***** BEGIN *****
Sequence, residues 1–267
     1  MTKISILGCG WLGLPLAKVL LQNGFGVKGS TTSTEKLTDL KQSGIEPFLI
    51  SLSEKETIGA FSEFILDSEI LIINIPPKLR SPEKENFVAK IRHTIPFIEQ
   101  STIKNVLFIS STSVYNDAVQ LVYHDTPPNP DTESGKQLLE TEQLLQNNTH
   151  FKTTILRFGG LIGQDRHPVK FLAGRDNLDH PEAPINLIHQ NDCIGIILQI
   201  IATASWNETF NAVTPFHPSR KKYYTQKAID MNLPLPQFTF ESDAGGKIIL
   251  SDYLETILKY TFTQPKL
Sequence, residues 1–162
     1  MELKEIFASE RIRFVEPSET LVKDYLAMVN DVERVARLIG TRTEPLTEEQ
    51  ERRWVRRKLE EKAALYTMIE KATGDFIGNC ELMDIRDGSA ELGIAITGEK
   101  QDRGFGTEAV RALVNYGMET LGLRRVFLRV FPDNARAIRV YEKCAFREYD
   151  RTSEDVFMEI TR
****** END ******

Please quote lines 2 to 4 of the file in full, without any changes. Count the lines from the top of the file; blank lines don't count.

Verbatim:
     1  MTKISILGCG WLGLPLAKVL LQNGFGVKGS TTSTEKLTDL KQSGIEPFLI
    51  SLSEKETIGA FSEFILDSEI LIINIPPKLR SPEKENFVAK IRHTIPFIEQ
   101  STIKNVLFIS STSVYNDAVQ LVYHDTPPNP DTESGKQLLE TEQLLQNNTH